National

October snows leave misery for students

HARTFORD, Conn. —Alison Takahashi thought autumn of her senior year would be filled with memories-to-be like the homecoming dance, crossing her fingers over college applications and counting down to graduation from Glastonbury High School.

Instead, the dance is delayed, her graduation date is a question mark and she's squeezing in study time during daylight hours as she — and hundreds of thousands of other Northeast residents — spends days without power after last weekend's snowstorm.

"I feel so disorganized and disoriented because we've been living all over the place," said the 17-year-old Takahashi, whose family has bunked in hotels since losing power Saturday, and who has squeezed in study time for an SAT specialty test in Spanish as part of her application to Georgetown University.

She must take that test Saturday in her high school, where that night's homecoming dance has been postponed and town residents pop in to take showers and recharge their cellphones and computers.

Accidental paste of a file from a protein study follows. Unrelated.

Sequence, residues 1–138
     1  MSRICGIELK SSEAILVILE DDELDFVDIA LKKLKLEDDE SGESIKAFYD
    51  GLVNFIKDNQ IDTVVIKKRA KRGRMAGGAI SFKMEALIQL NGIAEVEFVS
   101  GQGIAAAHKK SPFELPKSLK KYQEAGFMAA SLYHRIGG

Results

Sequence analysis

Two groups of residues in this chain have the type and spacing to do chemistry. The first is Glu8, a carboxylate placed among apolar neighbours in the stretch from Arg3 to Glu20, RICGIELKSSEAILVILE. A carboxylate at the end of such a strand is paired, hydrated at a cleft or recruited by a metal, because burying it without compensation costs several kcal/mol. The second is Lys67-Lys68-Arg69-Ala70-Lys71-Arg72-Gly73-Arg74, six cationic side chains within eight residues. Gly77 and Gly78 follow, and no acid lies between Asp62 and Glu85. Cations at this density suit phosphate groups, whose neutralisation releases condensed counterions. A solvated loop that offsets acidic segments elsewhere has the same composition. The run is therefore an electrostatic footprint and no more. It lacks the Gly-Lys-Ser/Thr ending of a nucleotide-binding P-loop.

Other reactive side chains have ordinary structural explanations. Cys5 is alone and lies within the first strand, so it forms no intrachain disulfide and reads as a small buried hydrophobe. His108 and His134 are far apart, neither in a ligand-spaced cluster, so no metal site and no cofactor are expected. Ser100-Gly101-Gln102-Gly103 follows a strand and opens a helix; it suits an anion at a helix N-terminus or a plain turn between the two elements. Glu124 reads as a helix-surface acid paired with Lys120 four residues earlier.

Throughout the region and especially in hard-hit Connecticut, many school districts that lost several snow days to the remnants of Hurricane Irene in August found themselves losing this full week, too, because of snow-related power failures and tree damage.

A handful of districts in New Jersey also remained closed Thursday, leaving those and other districts wondering they would have to cut into vacations to regain the lost days.

Throughout the Northeast, the storm's legacy has left students, working parents and others looking for last-minute baby sitters as power-free day care centers remain closed, or going without access to e-mail and other modern conveniences.

About 675,000 homes and businesses in the Northeast — more than half of them in Connecticut — went without power for a fifth day Thursday. Makeshift relief centers filled with weary parents and restless children.

The number of lost school days is forcing some districts to consider trimming their winter or spring vacations to ensure school doesn't stretch beyond June — a consideration virtually unheard of so early in the academic year.

"It's a difficult situation when you lose five off the bat. It's only November and we haven't even had the real snow yet," said Paul K. Smith, superintendent of Bolton's schools, which were set to remain closed Friday for their fifth consecutive day.

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